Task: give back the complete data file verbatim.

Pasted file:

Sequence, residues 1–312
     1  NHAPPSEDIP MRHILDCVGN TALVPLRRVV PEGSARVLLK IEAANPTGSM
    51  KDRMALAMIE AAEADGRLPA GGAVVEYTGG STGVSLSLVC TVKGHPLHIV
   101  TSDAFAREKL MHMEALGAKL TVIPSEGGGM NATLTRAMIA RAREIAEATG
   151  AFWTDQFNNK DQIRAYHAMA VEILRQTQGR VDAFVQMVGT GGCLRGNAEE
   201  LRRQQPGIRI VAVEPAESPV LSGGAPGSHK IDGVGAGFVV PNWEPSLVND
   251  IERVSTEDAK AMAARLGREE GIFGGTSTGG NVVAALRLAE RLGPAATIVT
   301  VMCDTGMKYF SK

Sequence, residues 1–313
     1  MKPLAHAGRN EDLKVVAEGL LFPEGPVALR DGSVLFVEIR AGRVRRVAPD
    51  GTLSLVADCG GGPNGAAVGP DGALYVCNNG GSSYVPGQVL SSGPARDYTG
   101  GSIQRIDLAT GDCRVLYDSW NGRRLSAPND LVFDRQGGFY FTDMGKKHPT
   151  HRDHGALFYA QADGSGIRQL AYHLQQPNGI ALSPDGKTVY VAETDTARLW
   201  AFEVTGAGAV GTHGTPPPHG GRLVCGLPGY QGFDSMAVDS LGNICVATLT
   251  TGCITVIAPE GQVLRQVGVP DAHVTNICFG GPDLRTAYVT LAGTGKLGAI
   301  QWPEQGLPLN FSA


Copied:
Sequence, residues 1–312
     1  NHAPPSEDIP MRHILDCVGN TALVPLRRVV PEGSARVLLK IEAANPTGSM
    51  KDRMALAMIE AAEADGRLPA GGAVVEYTGG STGVSLSLVC TVKGHPLHIV
   101  TSDAFAREKL MHMEALGAKL TVIPSEGGGM NATLTRAMIA RAREIAEATG
   151  AFWTDQFNNK DQIRAYHAMA VEILRQTQGR VDAFVQMVGT GGCLRGNAEE
   201  LRRQQPGIRI VAVEPAESPV LSGGAPGSHK IDGVGAGFVV PNWEPSLVND
   251  IERVSTEDAK AMAARLGREE GIFGGTSTGG NVVAALRLAE RLGPAATIVT
   301  VMCDTGMKYF SK

Sequence, residues 1–313
     1  MKPLAHAGRN EDLKVVAEGL LFPEGPVALR DGSVLFVEIR AGRVRRVAPD
    51  GTLSLVADCG GGPNGAAVGP DGALYVCNNG GSSYVPGQVL SSGPARDYTG
   101  GSIQRIDLAT GDCRVLYDSW NGRRLSAPND LVFDRQGGFY FTDMGKKHPT
   151  HRDHGALFYA QADGSGIRQL AYHLQQPNGI ALSPDGKTVY VAETDTARLW
   201  AFEVTGAGAV GTHGTPPPHG GRLVCGLPGY QGFDSMAVDS LGNICVATLT
   251  TGCITVIAPE GQVLRQVGVP DAHVTNICFG GPDLRTAYVT LAGTGKLGAI
   301  QWPEQGLPLN FSA